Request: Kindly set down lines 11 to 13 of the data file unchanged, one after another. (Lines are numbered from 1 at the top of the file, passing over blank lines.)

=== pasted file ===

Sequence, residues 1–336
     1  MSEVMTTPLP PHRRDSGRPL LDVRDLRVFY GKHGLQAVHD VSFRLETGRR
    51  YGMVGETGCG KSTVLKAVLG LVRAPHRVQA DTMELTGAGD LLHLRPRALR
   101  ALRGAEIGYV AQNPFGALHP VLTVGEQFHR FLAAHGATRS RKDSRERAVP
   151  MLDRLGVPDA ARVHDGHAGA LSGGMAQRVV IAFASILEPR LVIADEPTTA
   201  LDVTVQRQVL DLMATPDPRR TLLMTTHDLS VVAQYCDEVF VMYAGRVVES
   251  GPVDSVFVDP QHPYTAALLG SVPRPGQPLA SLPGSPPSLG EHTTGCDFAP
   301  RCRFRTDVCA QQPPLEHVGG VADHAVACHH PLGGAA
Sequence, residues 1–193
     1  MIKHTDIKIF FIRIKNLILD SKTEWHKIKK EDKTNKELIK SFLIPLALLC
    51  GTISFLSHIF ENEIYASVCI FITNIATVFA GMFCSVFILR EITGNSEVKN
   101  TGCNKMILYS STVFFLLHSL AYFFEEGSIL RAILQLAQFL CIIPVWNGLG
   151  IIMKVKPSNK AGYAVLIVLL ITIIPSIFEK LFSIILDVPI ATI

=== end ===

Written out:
    51  GTISFLSHIF ENEIYASVCI FITNIATVFA GMFCSVFILR EITGNSEVKN
   101  TGCNKMILYS STVFFLLHSL AYFFEEGSIL RAILQLAQFL CIIPVWNGLG
   151  IIMKVKPSNK AGYAVLIVLL ITIIPSIFEK LFSIILDVPI ATI